Virginia Tech developing stewardship plan for Stadium Woods
January 21, 2015
Stadium Woods, twelve acres of forest behind Lane Stadium, is getting a stewardship plan that will guide its future.
Using best practices of forest management, the plan will identify strategies for use and enjoyment of the woods while maintaining its health.
“Stadium Woods provides many benefits to the university and the community. It serves as a learning laboratory for our students and faculty, and is a recreational area for many,” said Sherwood Wilson, vice president for administration.
The stewardship plan is a collaborative effort between the Office of University Planning and the College of Natural Resources and the Environment.
“The stewardship plan will help us identify appropriate uses for the forest where people can enjoy it while improving its health and maintaining its productivity,” said Paul M. Winistorfer, dean of the college.
Rodney Walters, a master’s student in urban forest ecology and management from Bozeman, Montana, is spearheading the planning effort. Prior to attending Virginia Tech, Walters was the lead arborist at Montana State University. John Seiler, The Honorable and Mrs. Shelton H. Short Jr. Professor of Forestry and Alumni Distinguished Professor and Eric Wiseman, associate professor of urban forestry and arboriculture are advisers on the plan.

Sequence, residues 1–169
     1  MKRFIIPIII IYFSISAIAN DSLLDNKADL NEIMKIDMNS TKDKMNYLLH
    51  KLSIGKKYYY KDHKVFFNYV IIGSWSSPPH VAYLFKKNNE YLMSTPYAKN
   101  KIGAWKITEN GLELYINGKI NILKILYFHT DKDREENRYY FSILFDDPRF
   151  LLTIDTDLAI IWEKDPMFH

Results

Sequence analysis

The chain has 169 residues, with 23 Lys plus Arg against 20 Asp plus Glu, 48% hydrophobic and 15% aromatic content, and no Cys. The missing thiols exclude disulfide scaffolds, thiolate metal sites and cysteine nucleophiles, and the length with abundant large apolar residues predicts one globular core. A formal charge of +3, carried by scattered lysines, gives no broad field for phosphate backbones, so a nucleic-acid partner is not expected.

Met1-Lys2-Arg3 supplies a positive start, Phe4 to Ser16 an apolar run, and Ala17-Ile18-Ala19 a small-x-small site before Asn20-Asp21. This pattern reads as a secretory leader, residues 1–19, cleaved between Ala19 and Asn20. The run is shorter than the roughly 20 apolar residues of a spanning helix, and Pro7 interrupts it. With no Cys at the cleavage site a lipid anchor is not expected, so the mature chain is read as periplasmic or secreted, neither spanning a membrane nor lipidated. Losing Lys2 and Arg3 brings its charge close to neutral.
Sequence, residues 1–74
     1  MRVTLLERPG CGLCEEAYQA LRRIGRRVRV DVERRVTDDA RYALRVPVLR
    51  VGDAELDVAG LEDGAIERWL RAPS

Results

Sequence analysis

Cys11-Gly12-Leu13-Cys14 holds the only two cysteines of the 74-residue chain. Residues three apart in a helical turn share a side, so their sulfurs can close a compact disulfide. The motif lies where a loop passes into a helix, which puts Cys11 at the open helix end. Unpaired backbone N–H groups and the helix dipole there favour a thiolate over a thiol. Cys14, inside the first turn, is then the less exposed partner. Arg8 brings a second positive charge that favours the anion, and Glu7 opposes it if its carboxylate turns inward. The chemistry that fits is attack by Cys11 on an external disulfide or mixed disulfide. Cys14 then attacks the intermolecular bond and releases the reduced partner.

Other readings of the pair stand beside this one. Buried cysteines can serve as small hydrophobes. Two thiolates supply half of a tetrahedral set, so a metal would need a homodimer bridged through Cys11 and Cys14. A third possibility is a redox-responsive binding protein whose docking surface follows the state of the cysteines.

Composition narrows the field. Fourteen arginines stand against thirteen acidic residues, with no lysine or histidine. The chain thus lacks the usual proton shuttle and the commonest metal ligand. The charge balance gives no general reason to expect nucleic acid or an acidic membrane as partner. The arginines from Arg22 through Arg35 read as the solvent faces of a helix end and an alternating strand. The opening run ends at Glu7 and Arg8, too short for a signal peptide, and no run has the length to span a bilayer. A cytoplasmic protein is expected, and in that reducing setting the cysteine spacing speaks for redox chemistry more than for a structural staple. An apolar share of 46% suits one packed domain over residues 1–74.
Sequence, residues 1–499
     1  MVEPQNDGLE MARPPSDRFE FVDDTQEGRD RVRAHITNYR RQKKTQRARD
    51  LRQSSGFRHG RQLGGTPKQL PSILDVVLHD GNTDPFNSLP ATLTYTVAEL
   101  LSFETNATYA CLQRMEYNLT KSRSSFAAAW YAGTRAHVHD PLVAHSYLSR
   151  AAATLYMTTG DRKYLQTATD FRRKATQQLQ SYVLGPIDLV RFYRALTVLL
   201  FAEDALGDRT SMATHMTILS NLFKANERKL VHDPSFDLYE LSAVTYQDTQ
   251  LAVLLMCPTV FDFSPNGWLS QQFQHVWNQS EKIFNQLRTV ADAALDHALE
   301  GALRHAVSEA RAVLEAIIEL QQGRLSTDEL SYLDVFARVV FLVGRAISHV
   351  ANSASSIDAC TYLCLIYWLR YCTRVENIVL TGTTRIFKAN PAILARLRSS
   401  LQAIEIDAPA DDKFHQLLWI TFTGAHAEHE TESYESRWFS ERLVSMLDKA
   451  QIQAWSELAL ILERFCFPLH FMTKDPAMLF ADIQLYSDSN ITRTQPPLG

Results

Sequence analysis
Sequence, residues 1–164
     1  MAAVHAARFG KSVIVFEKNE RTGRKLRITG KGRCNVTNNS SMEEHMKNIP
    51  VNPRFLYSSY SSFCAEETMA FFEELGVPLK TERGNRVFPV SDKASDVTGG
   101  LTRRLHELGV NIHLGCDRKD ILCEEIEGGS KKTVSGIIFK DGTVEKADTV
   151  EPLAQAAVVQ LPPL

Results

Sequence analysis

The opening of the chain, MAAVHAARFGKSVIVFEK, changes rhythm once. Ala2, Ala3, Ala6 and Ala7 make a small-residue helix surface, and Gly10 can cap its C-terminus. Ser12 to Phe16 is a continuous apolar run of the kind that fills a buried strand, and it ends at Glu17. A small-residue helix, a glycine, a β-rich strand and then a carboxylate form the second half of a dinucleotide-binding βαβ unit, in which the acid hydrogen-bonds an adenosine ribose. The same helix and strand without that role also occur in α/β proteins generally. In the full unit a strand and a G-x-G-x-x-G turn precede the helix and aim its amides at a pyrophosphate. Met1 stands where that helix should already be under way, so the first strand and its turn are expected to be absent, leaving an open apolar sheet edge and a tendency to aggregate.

As part of the planning process, Virginia Tech is holding a series of meetings to gather input from community groups. The first, for the general public, is scheduled for Jan. 21 at 5 p.m. at the Blacksburg branch of the Montgomery-Floyd Regional Library at 200 Miller Street. A later meeting will be scheduled for members of the university community.
The meetings will help identify potential activities in and around the woods and what impact they might have on the overall health of the forest. The stewardship plan is scheduled to be completed in spring 2016.
Stadium Woods is a remnant white oak forest that has been here more than 300 years. Analysis done by Seiler in 2012 found numerous trees estimated to be more than 300-years-old. The woods contain approximately 55 white oak trees that are more than three feet in diameter.
Dedicated to its motto, Ut Prosim (That I May Serve), Virginia Tech takes a hands-on, engaging approach to education, preparing scholars to be leaders in their fields and communities. As the commonwealth’s most comprehensive university and its leading research institution, Virginia Tech offers 240 undergraduate and graduate degree programs to more than 31,000 students and manages a research portfolio of $513 million. The university fulfills its land-grant mission of transforming knowledge to practice through technological leadership and by fueling economic growth and job creation locally, regionally, and across Virginia.